For the New Year, bankers need to resolve to empower employees to make decisions, curb internal bureaucracies, plan for stretch goals and reclaim their pride in their profession.
Having worked both as a banker and as a bank consultant for over 20 years, I can testify that this current period seems among the most negative work environments I have ever witnessed. Many bankers now act more like hedgehogs than leaders, operating out of a defensive crouch rather than putting themselves or their ideas forward. When I commented to one senior banker that he seemed paranoid about strictly following internal rules and external regulatory requirements, he quickly agreed, “I am paranoid!” The feckless Consumer Financial Protection Bureau and other regulators constantly piling on does not help.
Even so, the New Year provides all of us with an opportunity to consider where we are in our lives and where we want to go. As an advisor to the industry, here is my New Year’s resolution “wish list” for bankers and the industry at large:
Choose “greed” over fear. Our business choices are usually driven by either the desire for more dollars/wealth creation or the need to protect ourselves from potential harm. In recent years, fear has taken over the banking industry, often resulting in a lack of innovation and slow decision-making. Many bankers would rather make no decision than risk making the wrong one. I understand why, but it is an unsustainable approach to business and a terrible way to work and live. It is also one reason why revenues at many banks are growing so slowly. Fear as a decision guide can lead to a shrinking bank that will simply disappear or become irrelevant to many customers.
Fight back against the internal bureaucrats. When I was a banker, the relationship manager (RM) was king. Bluntly, operations personnel and other “back office” people were part of a lower caste. Admittedly, that may not have been a good thing, but banking has now swung in the opposite direction. At many banks, the RM seems overly controlled and limited in decision-making choices. There is a reason why support people are called support people. Today, though, they are increasingly in charge. Not necessarily a good thing.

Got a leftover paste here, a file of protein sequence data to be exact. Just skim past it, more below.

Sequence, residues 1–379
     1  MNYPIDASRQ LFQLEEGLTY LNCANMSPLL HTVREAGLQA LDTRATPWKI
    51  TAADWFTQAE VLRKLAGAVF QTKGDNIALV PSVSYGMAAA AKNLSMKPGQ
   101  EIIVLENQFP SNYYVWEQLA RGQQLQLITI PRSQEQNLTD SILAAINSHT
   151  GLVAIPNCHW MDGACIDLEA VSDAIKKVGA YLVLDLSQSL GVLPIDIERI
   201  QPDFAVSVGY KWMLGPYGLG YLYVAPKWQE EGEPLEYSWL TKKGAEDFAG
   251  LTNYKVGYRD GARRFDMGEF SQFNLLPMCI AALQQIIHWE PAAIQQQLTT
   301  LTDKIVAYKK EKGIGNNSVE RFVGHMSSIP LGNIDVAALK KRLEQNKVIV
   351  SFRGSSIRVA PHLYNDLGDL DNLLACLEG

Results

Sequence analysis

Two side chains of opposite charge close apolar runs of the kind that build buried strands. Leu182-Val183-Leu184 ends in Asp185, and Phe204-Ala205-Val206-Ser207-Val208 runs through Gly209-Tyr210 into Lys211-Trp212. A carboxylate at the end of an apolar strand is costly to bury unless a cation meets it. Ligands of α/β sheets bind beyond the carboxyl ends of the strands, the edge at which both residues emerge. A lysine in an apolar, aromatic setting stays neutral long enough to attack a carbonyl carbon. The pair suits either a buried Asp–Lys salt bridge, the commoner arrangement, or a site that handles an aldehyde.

If it feels like jail, escape! Over the years, I have heard multiple bankers say, “I have x more years to go,” as if they are marking off the days on a wall calendar in Alcatraz. Mortgages, children and worry about the future all keep unhappy employees stuck in their jobs. But, trust me: there are other jobs available with other banks or outside the industry in which the banker can feel happy. I have spoken with bankers who have escaped to better places; they are relieved and notably happier.
Create stretch goals and stick to them. Bankers need to develop and commit to project plans rather than letting the months slip by with no forward movement. Executives at alternative finance companies that I know are often stunned by the fact that it can take a year or more for a bank to come to a decision. More bankers need to set and keep to time commitments.
Change compensation. This is an area that should have been addressed decades ago. At many banks I have worked with, the best performers continue to get paid little more than mediocre employees. Pay for performance is hardly a new concept, but it should become the norm rather than the exception at banks. Unfortunately, Human Resources groups often seem to be barriers to, rather than supporters of this change.